CHAPTER 22 MANAGEMENT OF PATIENTS WITH FACIAL DISFIGUREMENT
Many publications have described the various techniques for treating patients with facial disfigurement. This chapter focuses on the need to understand patients with facial disfigurement in order to provide proper rehabilitation. Understanding their fears and needs will help in the proper treatment planning for each particular case.
Patients with tumors in the head and neck region seek treatment because they hope to be free from the disease and go back to their ordinary lives. New medical approaches and treatment modalities can prolong the lives of patients with tumors of the head and neck region and, in some cases, control or even cure the disease. Unfortunately, the surgical removal of tumors in this area can cause severe facial disfigurement that, in a very short time, abducts the bearer of a facial deformity from social life. The people shown in Figure 22-1 had been enjoying life, but suddenly became incapable of doing so due to their disease and tumor resection.
Many patients report that they had no knowledge of and received no information from their doctors regarding the next step after surgical removal of their tumors. The lack of interaction between head and neck surgeons, maxillofacial prosthodontists, and anaplastologists indicates that proper training and communication should be optimized to prevent these patients from having to suffer their disfigurement for many years—in extreme cases, for decades—as has been witnessed at the P-I Brånemark Institute.
Figure 22-2. A, Severe facial disfigurement after surgical tumor resection compromising the prosthetic rehabilitation. B, Compromised socket due to a very thick free flap. There is no depth to host the orbital prosthesis naturally. C, Compromised aesthetics and function due to failure in surgical nasal reconstruction.
In cases of trauma, patients experience almost the same problems and fears as tumor patients as they all came initially from an ordinary social life, but patients with congenital deformities seem to accept the deformity more passively because they were born with it and have had to struggle from the very early stages of their lives. Nevertheless, congenitally disfigured patients should be handled with the same approach used in tumor or trauma cases, respecting the individuality of each patient. It is of utmost importance that health care providers understand and respect patients appropriately, regardless of their socioeconomic and cultural background.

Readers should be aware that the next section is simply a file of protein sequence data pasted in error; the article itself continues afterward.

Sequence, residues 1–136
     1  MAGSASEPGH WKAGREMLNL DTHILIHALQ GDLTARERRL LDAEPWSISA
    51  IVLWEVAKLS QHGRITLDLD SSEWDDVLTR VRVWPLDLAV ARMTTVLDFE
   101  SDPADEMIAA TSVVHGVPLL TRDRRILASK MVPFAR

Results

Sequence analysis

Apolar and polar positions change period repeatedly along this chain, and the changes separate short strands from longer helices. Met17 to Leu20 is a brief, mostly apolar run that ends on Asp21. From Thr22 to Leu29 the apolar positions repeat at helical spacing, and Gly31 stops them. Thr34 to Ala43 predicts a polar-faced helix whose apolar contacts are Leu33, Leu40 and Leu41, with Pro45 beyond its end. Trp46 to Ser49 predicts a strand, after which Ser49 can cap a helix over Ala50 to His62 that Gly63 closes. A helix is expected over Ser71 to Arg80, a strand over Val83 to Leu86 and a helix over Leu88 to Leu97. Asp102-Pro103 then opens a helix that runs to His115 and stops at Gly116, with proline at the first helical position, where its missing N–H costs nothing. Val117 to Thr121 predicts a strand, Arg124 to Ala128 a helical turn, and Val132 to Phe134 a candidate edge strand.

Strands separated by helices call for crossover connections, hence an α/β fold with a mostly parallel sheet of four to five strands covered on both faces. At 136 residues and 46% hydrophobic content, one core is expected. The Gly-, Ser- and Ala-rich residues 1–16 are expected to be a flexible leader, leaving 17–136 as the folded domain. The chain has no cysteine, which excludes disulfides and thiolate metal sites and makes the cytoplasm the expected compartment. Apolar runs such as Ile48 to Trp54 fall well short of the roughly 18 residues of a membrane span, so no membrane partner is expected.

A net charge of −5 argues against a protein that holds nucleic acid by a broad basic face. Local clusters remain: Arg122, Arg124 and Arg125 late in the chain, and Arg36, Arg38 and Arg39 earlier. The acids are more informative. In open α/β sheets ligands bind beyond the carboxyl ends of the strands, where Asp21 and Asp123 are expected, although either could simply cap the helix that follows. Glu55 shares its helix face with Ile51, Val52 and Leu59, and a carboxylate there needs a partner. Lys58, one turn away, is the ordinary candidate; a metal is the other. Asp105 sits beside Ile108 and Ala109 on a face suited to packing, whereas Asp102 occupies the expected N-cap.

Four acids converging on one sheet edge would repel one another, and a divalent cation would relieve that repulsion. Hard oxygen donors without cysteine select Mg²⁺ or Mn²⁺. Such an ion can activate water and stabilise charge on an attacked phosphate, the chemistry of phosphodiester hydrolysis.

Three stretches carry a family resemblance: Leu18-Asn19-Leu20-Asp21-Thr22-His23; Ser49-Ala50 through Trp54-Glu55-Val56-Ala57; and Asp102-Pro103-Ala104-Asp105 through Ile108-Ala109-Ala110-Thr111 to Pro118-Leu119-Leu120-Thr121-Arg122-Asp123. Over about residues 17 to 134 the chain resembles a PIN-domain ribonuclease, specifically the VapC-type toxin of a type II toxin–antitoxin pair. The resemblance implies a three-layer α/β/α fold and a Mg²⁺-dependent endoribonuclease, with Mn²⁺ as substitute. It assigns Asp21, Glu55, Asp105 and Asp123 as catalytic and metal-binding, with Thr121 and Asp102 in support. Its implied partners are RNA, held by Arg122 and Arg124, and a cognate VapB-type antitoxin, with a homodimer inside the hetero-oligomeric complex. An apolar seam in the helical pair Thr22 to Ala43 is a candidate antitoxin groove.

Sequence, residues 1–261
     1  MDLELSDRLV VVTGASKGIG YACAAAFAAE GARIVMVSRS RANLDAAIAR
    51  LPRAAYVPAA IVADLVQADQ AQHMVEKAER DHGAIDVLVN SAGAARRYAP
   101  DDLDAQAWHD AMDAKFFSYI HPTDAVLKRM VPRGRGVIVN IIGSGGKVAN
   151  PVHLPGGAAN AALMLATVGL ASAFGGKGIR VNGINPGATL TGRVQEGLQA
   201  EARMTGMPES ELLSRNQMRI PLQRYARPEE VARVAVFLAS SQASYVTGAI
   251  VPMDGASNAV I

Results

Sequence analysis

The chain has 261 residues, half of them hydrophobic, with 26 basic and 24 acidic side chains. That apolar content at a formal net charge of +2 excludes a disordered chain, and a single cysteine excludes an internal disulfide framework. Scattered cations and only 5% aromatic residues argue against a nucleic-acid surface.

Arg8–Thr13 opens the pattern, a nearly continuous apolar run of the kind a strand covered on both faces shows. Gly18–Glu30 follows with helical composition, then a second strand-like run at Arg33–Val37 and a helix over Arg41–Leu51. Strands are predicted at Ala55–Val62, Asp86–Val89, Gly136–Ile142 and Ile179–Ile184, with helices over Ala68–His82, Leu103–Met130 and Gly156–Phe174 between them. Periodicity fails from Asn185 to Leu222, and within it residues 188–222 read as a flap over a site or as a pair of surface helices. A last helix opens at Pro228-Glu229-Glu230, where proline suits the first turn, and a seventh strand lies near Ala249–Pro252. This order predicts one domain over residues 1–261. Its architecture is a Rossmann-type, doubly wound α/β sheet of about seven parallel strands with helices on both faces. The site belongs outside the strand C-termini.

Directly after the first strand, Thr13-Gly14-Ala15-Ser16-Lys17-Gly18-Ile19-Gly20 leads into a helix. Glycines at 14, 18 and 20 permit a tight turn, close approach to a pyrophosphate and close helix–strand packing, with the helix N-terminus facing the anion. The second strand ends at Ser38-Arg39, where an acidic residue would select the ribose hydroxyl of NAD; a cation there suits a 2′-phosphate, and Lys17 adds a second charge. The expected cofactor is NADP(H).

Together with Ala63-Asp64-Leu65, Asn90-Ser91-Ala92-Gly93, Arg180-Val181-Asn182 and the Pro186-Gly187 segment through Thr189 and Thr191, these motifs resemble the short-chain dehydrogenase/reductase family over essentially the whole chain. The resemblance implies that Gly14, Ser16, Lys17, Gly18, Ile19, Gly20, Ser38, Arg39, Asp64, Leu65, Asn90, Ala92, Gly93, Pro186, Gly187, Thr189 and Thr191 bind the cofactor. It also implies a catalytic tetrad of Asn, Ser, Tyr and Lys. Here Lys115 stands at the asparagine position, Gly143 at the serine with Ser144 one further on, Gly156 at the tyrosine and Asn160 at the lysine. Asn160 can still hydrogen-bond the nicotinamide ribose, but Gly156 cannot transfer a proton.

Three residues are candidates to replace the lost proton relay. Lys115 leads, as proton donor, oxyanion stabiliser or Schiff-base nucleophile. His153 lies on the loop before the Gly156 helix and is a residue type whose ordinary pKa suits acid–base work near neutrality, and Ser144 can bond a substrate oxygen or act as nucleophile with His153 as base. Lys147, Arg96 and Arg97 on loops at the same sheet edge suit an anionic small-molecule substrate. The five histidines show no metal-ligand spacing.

With the invention of osseointegrated implants by Brånemark in the 1970s, many complex intraoral cases that could not be solved adequately by conventional techniques had, for the first time, a very predictable and safe solution. The literature offers many publications that explore the biomechanics of intraoral implants. Not much has been reported in relation to the use of implants in the craniofacial area, though some multicenter studies revealed that extraoral osseointegrated implants can provide predictable and safe long-term treatment success.
For the nonirradiated patient success rates of 94.4%, 96.3%, and 97% have been reported with the flange implant system (Nobel Pharma [Nobel Biocare, Yorba Linda, CA]).1–3 For the irradiated patient the success rate is somewhat lower and has been described between 57.9% and 64%; a later study confirmed these outcomes, reporting a success rate of 62%.4,5
Surgical intervention into irradiated bone may initiate osteoradionecrosis and, to minimize this risk, the possibility of hyperbaric oxygen (HBO) therapy is introduced. The standard protocol (modified Marx protocol)6 for this approach is described as 20 dives in a hyperbaric oxygen chamber (one dive per day, 2.4 ATA for 90 minutes) prior to the surgery, surgery at the 21st day, followed by another 10 dives (one per day) after the surgery.
From the macroscopic biomechanical point of view, a fixture is osseointegrated if there is no progressive relative motion between the fixture and the surrounding living bone and marrow under functional levels and types of loading for the entire life of the patient.7
Until 1977, when the osseointegration concept was applied to extraoral applications by Brånemark and colleagues,8,9 the most common means of retention for facial prosthesis were:
Unfortunately, these techniques have not proved to be retentive because the adhesive properties of the glue may be compromised by perspiration, sometimes causing embarrassing situations due to prosthesis displacement in public. Another disadvantage of adhesive retention is that daily application and removal of adhesives tends to deteriorate the margins of the prosthesis very quickly, reducing its durability and compromising the aesthetics (Figure 22-3). In addition, the skin bed that hosts the prosthesis might be compromised by radiotherapy, making tissue damage more probable.10–13